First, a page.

There has been little change in the way that voters among different religious groups view Romney. White evangelical Protestant voters have mixed opinions of Romney (46% favorable, 40% unfavorable); this was also the case in early 2008 (42% favorable, 33% unfavorable), though fewer voters knew enough about Romney to hold an opinion. Similarly, as in February 2008, about as many white Catholic and white mainline voters view Romney favorably as unfavorably.
Romney is widely seen by GOP voters as well-qualified to be president as well as honest and trustworthy, and these views are shared by large majorities of Republican voters in different religious groups. For instance, 71% of all Republican and Republican-leaning voters say Romney is well-qualified to be president, and 65% say he is honest and trustworthy. Comparable majorities of white evangelical Republican voters also say these descriptions apply to Romney (67% well-qualified, 65% honest and trustworthy).
By contrast, Republican voters are less likely to say Romney understands the needs of people like them (54%), is a strong conservative (53%) and takes consistent positions on issues (47%). And only about a quarter of all GOP voters (24%) say Romney shares their religious beliefs. There are only modest differences across different religious groups – white evangelicals, white mainline Protestants and white Catholics – in these evaluations.
Cain’s image is very different: Only about half of all Republican and Republican-leaning voters say Cain is honest and trustworthy (50%) and well-qualified (49%). But compared with Romney, far more GOP voters say Cain is a strong conservative (64%) and that he takes consistent positions on issues (60%). White evangelicals (70%) are somewhat more likely than white mainline Protestants (58%) or white Catholics (57%) to view Cain as a strong conservative.
And more Republican voters say Cain shares their religious beliefs (34%) than say that about Romney (24%). Notably, while nearly half of white evangelical Protestants (46%) say Cain shares their religious beliefs, just 19% say that description applies to Romney.
Only about half (48%) of all registered voters know that Romney is a Mormon. Even fewer know the religions of two other Republican candidates, Cain and Perry. A quarter (25%) of voters know that Cain is Protestant, and although 31% are aware that Perry is Protestant, just 17% know he is an evangelical Protestant.
More than half (56%) of Republican and Republican-leaning voters correctly identify Romney’s faith. Fewer Democratic and Democratic-leaning voters know that Romney is a Mormon. Republicans also are more likely than Democrats to know that Cain is a Protestant (30% vs. 22%). But there is no partisan gap in awareness of Perry’s faith.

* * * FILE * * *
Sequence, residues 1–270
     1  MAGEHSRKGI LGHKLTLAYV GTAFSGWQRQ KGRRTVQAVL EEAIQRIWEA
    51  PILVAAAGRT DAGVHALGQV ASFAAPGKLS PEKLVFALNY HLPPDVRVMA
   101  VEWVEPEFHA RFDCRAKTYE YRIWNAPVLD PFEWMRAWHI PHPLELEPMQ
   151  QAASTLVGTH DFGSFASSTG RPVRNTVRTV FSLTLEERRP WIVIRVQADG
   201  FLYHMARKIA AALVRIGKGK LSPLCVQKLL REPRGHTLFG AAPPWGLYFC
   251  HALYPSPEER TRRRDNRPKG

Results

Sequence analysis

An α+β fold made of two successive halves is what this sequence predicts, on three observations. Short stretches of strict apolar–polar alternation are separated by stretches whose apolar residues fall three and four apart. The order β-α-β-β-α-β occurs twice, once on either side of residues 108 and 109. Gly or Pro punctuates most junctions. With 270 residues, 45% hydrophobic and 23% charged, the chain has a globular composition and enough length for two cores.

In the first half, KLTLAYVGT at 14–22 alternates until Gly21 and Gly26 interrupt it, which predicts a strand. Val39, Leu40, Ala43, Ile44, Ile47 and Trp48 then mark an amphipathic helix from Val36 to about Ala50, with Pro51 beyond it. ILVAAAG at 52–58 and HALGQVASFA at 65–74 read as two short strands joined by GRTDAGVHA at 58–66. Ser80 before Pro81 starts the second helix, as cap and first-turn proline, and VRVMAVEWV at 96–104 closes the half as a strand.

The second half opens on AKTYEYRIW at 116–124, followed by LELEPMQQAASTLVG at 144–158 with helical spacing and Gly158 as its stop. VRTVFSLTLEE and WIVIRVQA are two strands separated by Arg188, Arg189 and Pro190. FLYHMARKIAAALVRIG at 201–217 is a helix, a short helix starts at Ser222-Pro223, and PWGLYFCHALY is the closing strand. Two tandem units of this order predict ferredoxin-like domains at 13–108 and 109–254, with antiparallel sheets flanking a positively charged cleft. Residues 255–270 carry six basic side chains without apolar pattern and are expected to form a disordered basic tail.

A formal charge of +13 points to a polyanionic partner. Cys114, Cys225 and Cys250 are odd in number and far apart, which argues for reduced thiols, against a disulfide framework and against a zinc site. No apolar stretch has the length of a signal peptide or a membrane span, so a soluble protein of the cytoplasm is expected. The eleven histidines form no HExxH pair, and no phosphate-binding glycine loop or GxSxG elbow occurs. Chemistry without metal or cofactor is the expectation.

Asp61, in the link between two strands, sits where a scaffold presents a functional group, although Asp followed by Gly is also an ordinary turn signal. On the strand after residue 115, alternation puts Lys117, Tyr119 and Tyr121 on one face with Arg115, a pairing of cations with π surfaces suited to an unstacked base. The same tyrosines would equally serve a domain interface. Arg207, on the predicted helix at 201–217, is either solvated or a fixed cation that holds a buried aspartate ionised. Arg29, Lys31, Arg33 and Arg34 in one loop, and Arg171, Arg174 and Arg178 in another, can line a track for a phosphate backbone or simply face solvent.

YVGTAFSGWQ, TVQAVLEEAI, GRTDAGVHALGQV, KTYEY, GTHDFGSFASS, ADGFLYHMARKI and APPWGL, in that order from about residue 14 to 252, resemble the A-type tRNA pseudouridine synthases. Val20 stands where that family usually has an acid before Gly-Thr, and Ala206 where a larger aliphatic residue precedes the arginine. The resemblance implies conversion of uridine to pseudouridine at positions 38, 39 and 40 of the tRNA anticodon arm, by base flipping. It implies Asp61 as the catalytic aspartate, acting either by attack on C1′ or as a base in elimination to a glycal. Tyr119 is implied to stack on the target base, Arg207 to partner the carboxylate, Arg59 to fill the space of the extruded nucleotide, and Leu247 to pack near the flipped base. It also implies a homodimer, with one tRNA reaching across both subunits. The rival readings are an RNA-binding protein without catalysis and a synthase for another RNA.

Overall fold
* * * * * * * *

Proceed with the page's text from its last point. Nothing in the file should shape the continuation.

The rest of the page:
Among Republican and Republican-leaning voters, members of most religious groups are about equally knowledgeable of Romney’s religion, with six-in-ten white evangelicals (60%) and more than half of white Catholics (56%) and white mainline Protestants (52%) correctly identifying Romney as a Mormon.
Few voters say that the religion of the GOP candidates will impact their voting decision, either positively or negatively. Very small percentages say that Cain or Perry’s religion makes them either more or less likely to vote for them.
Romney’s religion is not a major factor for most voters. Nearly nine-in-ten Republican and Republican-leaning voters (88%) are either unaware of Romney’s religion or say it would make no difference in their vote.
Protestant Republican voters are somewhat more inclined than Catholic Republicans to say they would be less likely to vote for Romney because he is a Mormon. Most white evangelical Republican voters either do not know Romney’s religion (40%) or say it would make no difference to their vote (42%), but 15% say it makes them less likely to vote for him.
As was the case throughout George W. Bush’s presidency, more Americans currently say the Republican Party is friendly to religion than say that about the Democratic Party. But significantly fewer see the GOP as friendly to religion than did so during the Bush years.
Currently, 43% of the public says that the Republican Party is friendly to religion; 26% say the GOP is neutral toward religion, while 19% say it is unfriendly. From 2003-2008, about 50% viewed the GOP as friendly to religion.
In the current survey, 30% say the Democratic Party is friendly to religion. A plurality (40%) says the Democratic Party is neutral to religion, and 20% see it as unfriendly.
Pluralities of white evangelical Protestants (53%), white mainline Protestants (46%) and white Catholics (43%) say the GOP is friendly to religion; much smaller percentages of white evangelicals (18%), white mainline Protestants (32%) and white Catholics (29%) view the Democratic Party as friendly to religion. By contrast, 45% of black Protestants say the Democratic Party is friendly to religion, compared with 23% who say the same about the GOP.